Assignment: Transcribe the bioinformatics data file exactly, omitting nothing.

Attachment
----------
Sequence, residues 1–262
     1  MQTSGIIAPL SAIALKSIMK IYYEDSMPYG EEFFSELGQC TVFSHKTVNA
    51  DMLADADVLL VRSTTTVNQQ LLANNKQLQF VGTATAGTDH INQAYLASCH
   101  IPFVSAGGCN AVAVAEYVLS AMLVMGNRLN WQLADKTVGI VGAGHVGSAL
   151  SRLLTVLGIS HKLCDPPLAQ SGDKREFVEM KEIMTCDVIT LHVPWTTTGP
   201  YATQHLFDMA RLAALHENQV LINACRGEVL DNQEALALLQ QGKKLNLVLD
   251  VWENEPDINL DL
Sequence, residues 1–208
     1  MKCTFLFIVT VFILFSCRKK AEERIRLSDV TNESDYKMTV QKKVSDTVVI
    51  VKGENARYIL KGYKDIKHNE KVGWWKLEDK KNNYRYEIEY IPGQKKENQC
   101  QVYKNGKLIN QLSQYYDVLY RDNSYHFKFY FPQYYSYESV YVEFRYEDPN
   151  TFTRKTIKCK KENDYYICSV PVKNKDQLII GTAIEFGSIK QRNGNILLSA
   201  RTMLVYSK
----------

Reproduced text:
Sequence, residues 1–262
     1  MQTSGIIAPL SAIALKSIMK IYYEDSMPYG EEFFSELGQC TVFSHKTVNA
    51  DMLADADVLL VRSTTTVNQQ LLANNKQLQF VGTATAGTDH INQAYLASCH
   101  IPFVSAGGCN AVAVAEYVLS AMLVMGNRLN WQLADKTVGI VGAGHVGSAL
   151  SRLLTVLGIS HKLCDPPLAQ SGDKREFVEM KEIMTCDVIT LHVPWTTTGP
   201  YATQHLFDMA RLAALHENQV LINACRGEVL DNQEALALLQ QGKKLNLVLD
   251  VWENEPDINL DL
Sequence, residues 1–208
     1  MKCTFLFIVT VFILFSCRKK AEERIRLSDV TNESDYKMTV QKKVSDTVVI
    51  VKGENARYIL KGYKDIKHNE KVGWWKLEDK KNNYRYEIEY IPGQKKENQC
   101  QVYKNGKLIN QLSQYYDVLY RDNSYHFKFY FPQYYSYESV YVEFRYEDPN
   151  TFTRKTIKCK KENDYYICSV PVKNKDQLII GTAIEFGSIK QRNGNILLSA
   201  RTMLVYSK